Subroutines and functions aren’t entirely isolated from the rest of the application. Most procedures accept arguments from the calling program. Recall that an argument is a value you pass to the procedure and on which the procedure usually acts. This is how subroutines and functions communicate with the rest of the application.
Subroutines and functions may accept any number of arguments, and you must supply a value for each argument of the procedure when you call it. Some of the arguments may be optional, which means you can omit them; you will see shortly how to handle optional arguments.
The custom function Min(), for instance, accepts two numbers and returns the smaller one:
Function Min(ByVal a As Single, ByVal b As Single) As Single Min = IIf(a < b, a, b) End FunctionCode language: VB.NET (vbnet)
IIf() is a built-in function that evaluates the first argument, which is a logical expression. If the expression is True, the IIf() function returns the second argument. If the expression is False, the function returns the third argument.
To call the Min() custom function, use a few statements like the following:
Dim val1 As Single = 33.001 Dim val2 As Single = 33.0011 Dim smallerVal as Single smallerVal = Min(val1, val2) Debug.Write("The smaller value is " & smallerVal)Code language: VB.NET (vbnet)
If you execute these statements (place them in a button’s Click event handler), you will see the following in the Immediate window:
The smaller value is 33.001Code language: VB.NET (vbnet)
If you attempt to call the same function with two Double values, with a statement like the following, you will see the value 3.33 in the Immediate window:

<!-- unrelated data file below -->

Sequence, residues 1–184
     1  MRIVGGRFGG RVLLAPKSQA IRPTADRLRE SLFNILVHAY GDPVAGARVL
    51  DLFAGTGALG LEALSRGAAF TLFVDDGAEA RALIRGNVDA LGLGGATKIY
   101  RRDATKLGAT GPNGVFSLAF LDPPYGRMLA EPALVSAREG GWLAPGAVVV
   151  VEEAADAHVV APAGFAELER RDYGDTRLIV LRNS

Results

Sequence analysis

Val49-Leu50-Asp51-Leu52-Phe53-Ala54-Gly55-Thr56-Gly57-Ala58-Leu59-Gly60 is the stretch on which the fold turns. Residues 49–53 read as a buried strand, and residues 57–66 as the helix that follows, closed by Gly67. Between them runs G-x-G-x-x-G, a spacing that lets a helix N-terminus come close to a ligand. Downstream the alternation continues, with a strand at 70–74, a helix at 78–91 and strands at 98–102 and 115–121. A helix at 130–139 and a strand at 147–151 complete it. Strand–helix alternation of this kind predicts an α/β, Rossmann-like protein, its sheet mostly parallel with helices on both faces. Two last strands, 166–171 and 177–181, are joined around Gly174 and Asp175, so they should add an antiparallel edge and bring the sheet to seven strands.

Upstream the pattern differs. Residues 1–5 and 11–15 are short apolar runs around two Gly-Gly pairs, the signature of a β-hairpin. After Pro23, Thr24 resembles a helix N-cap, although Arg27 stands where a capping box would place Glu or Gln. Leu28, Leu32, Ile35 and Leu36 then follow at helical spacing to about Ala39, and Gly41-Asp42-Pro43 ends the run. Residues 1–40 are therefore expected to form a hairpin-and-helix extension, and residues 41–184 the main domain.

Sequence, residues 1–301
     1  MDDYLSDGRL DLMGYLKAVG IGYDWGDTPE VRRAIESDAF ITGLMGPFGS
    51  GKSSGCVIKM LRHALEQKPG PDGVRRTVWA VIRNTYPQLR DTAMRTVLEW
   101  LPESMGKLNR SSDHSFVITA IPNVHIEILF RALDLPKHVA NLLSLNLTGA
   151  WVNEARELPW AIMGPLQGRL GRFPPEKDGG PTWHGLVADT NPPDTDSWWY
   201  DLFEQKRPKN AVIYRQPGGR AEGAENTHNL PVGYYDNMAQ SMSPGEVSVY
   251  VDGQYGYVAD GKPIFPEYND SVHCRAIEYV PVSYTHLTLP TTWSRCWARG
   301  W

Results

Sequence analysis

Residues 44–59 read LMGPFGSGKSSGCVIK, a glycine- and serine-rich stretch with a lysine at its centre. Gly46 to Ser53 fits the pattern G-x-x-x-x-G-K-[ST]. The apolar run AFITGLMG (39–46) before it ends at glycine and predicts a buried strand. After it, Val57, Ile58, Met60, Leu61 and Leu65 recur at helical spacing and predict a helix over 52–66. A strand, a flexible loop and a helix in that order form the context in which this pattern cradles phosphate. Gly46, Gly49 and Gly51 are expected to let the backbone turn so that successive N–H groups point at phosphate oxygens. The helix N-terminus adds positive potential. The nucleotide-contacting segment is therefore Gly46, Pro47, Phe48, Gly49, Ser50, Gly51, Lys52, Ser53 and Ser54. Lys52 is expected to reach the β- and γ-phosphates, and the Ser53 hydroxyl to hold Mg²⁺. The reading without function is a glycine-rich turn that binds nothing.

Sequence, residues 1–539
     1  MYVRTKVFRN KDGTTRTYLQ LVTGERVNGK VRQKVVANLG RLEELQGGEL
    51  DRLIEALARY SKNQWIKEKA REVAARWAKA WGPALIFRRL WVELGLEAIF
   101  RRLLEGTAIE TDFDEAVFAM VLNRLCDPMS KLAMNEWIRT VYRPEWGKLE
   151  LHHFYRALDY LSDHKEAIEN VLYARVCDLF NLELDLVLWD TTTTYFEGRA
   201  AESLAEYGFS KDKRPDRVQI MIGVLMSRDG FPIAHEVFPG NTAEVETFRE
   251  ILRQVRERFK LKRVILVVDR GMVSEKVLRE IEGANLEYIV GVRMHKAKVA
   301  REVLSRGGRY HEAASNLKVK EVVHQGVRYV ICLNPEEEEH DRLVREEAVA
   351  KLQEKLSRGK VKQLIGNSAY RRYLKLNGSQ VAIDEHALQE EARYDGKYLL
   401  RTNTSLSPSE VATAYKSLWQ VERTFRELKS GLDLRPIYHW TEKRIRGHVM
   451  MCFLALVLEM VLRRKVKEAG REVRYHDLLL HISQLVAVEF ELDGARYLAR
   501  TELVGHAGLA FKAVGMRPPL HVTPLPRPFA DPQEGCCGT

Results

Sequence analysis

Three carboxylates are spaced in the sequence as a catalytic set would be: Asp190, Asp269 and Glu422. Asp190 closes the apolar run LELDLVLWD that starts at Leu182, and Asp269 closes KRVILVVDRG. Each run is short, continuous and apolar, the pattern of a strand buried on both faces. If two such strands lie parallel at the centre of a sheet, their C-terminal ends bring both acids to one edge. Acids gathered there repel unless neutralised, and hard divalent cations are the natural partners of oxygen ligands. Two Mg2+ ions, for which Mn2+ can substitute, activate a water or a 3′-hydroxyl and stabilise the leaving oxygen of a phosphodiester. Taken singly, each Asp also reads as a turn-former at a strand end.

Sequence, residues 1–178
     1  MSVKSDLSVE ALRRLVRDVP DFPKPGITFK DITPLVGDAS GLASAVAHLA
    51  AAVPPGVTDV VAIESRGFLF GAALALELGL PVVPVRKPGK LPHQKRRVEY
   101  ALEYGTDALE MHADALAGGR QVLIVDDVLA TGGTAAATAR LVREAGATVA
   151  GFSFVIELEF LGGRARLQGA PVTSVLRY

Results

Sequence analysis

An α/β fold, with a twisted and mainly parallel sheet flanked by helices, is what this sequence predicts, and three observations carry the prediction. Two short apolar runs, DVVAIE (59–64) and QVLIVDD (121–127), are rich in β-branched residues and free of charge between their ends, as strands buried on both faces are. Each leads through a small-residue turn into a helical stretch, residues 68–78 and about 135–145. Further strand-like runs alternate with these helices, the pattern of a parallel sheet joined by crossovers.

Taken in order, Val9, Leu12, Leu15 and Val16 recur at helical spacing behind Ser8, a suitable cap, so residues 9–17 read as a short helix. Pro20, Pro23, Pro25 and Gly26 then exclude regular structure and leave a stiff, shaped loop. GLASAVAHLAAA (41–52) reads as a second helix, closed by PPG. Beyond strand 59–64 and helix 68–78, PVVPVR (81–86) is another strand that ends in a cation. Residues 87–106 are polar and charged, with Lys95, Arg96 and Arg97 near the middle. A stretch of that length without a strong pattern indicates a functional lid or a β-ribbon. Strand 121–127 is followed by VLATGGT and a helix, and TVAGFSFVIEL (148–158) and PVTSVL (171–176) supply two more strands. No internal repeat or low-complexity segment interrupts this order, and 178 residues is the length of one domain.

Debug.WriteLine(Min(3.33000000111, 3.33000000222))Code language: VB.NET (vbnet)
The compiler converted the two values from Double to Single data type and returned one of them. Which one is it? It doesn’t make a difference because when converted to Single, both values are the same.
Interesting things will happen if you attempt to use the Min() function with the Strict option turned on. Insert the statement Option Strict On at the very beginning of the file, or set Option Strict to On in the Compile tab of the project’s Properties pages. The editor will underline the statement that implements the Min() function: the IIf() function. The IIf() function accepts two Object variables as arguments, and returns one of them as its result. The Strict option prevents the compiler from converting an Object to a numeric variable. To use the IIf() function with the Strict option, you must change its implementation as follows:
Function Min(ByVal a As Object, ByVal b As Object) As Object Min = IIf(Val(a) < Val(b), a, b) End FunctionCode language: VB.NET (vbnet)
It’s possible to implement a Min() function that can compare arguments of all types (integers, strings, dates, and so on). We’ll return to this sample function later in this chapter, in the section “Overloading Functions.”